Updated 6 months 3 weeks ago
 
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Our service learning partner was Mr. Yang. He is 72 years old, and has lived in Xizhou for his entire life. His son runs a rose product business, and Mr. Yang has had many experiences building things, such as his brother's house, his own, and all the furniture in it.

After hearing some of the stories Mr. Yang shared with my group, and watching through observation, I have learnt his will to care for others. Back in 1979, he had built his brother's house, as a means of making sure he had a place to live. Besides that, while we were conversing with him, I noticed that he was busy fixing his wife's hairdryer. He did not need to do such a thing, but offered to help immediately after his wife had made a comment about the topic. His compassion for others is truly inspiring, especially after everything he has been through.

Besides learning about him, we learnt a lot about the history of Xizhou, as well as 20th Century Chinese history. Specifically, we learnt a significant amount about the cultural revolution. Mr. Yang had remembered it clearly, as by that time, he was already thirteen or so. He told us about how people were starving, and how all day, people argued back and forth. He was even able to recall some of the things people shouted at each other, such as "you are counter-revolutionary", and "you are a Capitalist." It was incredible to see how strong he had to remain to get through thee hard times. To add on, he told us that everyday, people were to join meetings and chant Chairman Mao's quotations. If one were to mess up, they would be immediately be accused of being counter-revolutionary. Finally, he told us that the government only knew revolution, but not economy.

It was incredible to have the chance and share our video with Mr. Yang. On the way here, we learnt even more about him, and heard that he had lived through three deadly diseases. As a child, there was no medicine for his conditions, so it is almost unbelievable how strong he must have had to be at that time. When you think about it, he was not only going through his personal issues of health, but the cultural revolution was occuring at the same time. 

By the time the video had started, we were to be sitting on a bench in front of the projection of our video. This was to ensure that we were looking at our audience, instead of at our vide. While we were sitting, I watched Mr. Yang watch our video, and all I could see was how his face was lit up. Having the opportunity to witness this made the work all the more worthwhile, as it gave us all the chance to realize what the goal of the entire project was: to show our appreciation for the community. We had truly poured our hearts into the video, and to see the hours of editing pay off felt remarkable.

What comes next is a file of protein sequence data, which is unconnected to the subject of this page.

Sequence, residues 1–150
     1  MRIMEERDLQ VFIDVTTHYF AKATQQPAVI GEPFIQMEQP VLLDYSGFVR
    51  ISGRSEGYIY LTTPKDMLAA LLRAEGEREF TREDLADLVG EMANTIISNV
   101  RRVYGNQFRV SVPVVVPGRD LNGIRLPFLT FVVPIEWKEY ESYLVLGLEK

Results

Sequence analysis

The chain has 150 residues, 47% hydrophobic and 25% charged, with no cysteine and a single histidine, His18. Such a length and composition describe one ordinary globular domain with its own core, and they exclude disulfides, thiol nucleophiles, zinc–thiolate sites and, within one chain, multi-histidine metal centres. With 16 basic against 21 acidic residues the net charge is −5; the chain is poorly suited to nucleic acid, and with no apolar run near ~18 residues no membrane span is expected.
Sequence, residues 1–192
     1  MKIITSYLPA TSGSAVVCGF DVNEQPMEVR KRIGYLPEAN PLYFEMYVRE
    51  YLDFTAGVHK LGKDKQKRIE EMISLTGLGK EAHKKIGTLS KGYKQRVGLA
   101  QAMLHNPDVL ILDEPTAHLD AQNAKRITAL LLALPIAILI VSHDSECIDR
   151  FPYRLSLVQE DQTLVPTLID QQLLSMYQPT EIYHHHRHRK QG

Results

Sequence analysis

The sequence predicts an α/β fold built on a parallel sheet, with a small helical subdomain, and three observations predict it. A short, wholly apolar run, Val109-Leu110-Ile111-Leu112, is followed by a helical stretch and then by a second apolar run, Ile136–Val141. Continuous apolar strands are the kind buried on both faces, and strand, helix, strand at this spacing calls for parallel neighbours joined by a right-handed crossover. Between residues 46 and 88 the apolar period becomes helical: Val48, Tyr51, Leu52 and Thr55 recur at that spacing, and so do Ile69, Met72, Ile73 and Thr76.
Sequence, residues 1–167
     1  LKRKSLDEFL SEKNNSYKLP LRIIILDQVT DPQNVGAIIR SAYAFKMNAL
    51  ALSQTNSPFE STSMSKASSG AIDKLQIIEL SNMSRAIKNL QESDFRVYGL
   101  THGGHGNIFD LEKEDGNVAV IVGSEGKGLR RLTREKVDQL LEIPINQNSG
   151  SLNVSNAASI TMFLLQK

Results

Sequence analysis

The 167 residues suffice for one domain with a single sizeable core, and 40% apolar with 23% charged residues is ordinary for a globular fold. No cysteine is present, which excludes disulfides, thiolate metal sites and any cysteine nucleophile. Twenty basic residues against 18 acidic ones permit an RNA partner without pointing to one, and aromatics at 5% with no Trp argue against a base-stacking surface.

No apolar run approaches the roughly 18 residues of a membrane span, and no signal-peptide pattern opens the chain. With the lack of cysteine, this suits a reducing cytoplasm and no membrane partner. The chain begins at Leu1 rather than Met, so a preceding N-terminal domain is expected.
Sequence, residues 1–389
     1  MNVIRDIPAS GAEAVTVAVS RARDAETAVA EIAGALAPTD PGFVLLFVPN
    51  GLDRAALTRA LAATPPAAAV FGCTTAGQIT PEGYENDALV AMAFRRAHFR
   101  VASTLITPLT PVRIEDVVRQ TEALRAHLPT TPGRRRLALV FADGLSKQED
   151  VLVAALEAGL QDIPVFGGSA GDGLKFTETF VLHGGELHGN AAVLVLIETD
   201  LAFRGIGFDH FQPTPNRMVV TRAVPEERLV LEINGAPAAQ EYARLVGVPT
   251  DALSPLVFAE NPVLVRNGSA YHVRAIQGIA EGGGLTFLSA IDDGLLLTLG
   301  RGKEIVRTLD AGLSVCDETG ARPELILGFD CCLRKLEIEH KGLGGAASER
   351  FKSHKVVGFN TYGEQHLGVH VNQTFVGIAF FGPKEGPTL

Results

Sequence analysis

After the sharing, we walked him back to his house. He was smiling the entire time and graciously telling us to bring our families back to Xizhou to visit him, after the end of Microcampus. Once we reached his house, he even sat us down, showing us the rest of his family photos. Not only that, but he insisted on giving us a tour of the house he built with his bare hands. It was touching to see how such a small video made such a lasting impact on him.

To future Microcampus students, the one thing to remember is that the Service Learning project goes throughout the entire Microcampus trip. Although the editing only begins in the duration of the last week, I cannot stress enough the importance of making connections from the very beginning. Although my group had made many connections, we went through plan A, B, C, D, E, until we reached Mr. Yang. If we had not gone out of our comfort zone and talked to strangers on a daily basis, chances are, we would not have a service learning partner at this point. Another recommendation I have is for everyone in a group to support one another. If one is not able to help as much in the video, for whatever reason, there are many other ways they can support their group. One example is through pitching in work. Going to the bank for them or completing their part in dish duty can prove to be a big help. Lastly, remember that all the locals are friendly and open. Do not be afraid to take social risks!

My name is Mia C., and I am Taiwanese. Although born in Taiwan, I am also American and Canadian. This year marks my 11th year of living in Shanghai, and my 6th year attending SAS. I enjoy trying new things and understanding the world around me, so Microcampus seemed like the perfect opportunity. The experience was more than I could have ever imagined and I hope to return to Xizhou soon.